Join Poets for Science
On Earth Day, April 22, 2017, demonstrators around the world participated in a March for Science in a call to support and safeguard the scientific community, fact-based decision making, basic research, and freedom of speech for scientists.
You can still join Poets for Science and participate online by printing a blank Emerge card and uploading your poems to Twitter and Instagram with the #PoetsForScience hashtag. Print a poster or view the banner collection on our website.
With your generous support, Science Stanzas reached a global audience to inspire meaningful discourse at the intersection of science and creativity. The science.travelingstanzas.com website received a diversity of over 1,400 visitors from every continent—including Australia, Mexico, India, Brazil, Libya and Germany. In the United States, the collection was seen by a national audience composed of all 50 states.
Science & Emerge
Participants at the S|gns Summit will create science based found poems using the Traveling Stanzas Emerge app
Advocacy Through Poetry
Expanding on the centuries old technique of “erasure” poetry, Emerge prompts users to write poetry using seminal texts as inspiration with a focus on reflection on the original text and response through creation of a poem. You can print and share your new poem, carrying on the dialogue started by engaging in the original text. Creativity stations allow participants to further personalize their poems with various design and crafting tools. For the first time visitors to the pop-up installation will now be encouraged to use their found poem as a means of advocacy. As a final step they will send their creation to a chosen organization whose work influences policy and the environment. It is our hope that through artistic expression those with influence will see the important resource of the natural world around them.
Curated by Jane Hirshfield
Poetry and science are allies, not opposites. Both are instruments of discovery, and together they make the two feet of one walking. We can only weigh the full meaning of facts by how we feel about them. Feelings are meaningful and useful to us because they emerge from the truths of this shifting, astonishing world. Observation and imagination, the microscope and the metaphor, the sense of amazement— you need all of them to take the measure of a moment, of a life. Poetry and science each seek to ground our lives in both what exists and the sense of the large, of mystery and awe. Every scientist I know is grounded in curiosity, wonder, the spirit of exploration, the spirit of service. As is every poet.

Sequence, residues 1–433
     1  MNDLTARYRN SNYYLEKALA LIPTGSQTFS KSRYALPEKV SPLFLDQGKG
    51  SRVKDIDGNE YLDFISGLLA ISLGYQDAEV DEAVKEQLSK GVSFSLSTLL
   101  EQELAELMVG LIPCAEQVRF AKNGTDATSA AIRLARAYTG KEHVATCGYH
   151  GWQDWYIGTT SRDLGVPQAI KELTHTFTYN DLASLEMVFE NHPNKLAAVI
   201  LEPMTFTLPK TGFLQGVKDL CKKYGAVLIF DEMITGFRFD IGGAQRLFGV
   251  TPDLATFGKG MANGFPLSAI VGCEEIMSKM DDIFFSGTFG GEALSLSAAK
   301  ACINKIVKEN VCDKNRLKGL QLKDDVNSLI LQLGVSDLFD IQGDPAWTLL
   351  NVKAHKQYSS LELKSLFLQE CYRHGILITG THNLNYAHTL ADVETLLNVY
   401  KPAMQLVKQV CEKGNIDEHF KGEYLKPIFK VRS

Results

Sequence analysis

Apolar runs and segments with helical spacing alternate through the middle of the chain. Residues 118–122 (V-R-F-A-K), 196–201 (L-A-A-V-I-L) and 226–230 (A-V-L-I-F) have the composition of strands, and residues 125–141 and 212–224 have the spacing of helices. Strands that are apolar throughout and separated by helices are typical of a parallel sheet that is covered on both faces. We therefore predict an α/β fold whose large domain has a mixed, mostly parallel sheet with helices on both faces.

Jane Hirshfield is the author of eight collections of poetry, most recently The Beauty (Knopf, 2015), long-listed for the National Book Award; Come, Thief; After (shortlisted for England’s T.S. Eliot Prize); Given Sugar, Given Salt (finalist for the 2001 National Book Critics Circle Award); The Lives of the Heart; and The October Palace. She is also the author of two books of essays, the recent Ten Windows: How Great Poems Transform the World (Knopf, 2015) and the now-classic Nine Gates: Entering the Mind of Poetry (HarperCollins, 1997), and has edited and co-translated four books collecting the work of world poets from the past.
Hirshfield’s interest in science and the ecological world has long infused her poems. She has been artist in residence for both a neuroscience program at UCSF and an experimental forest in Oregon’s Western Cascades. Her honors include The Poetry Center Book Award, the California Book Award, and fellowships from the Guggenheim and Rockefeller foundations and the National Endowment for the Arts. In 2004, Jane Hirshfield was awarded the 70th Academy Fellowship for distinguished poetic achievement by The Academy of American Poets, an honor previously held by such poets as Robert Frost and Elizabeth Bishop. In 2012, she received the Donald Hall-Jane Kenyon Prize in American Poetry, and was elected a Chancellor of the Academy of American Poets.
About Traveling Stanzas
Science Stanzas, a project of Traveling Stanzas, is an initiative of the College of Arts and Sciences’ Wick Poetry Center at Kent State University. Partnering with poet and environmental spokesperson Jane Hirshfield, the Wick Poetry Center will join the marchers at the Teach-In on the National Mall in Washington D.C.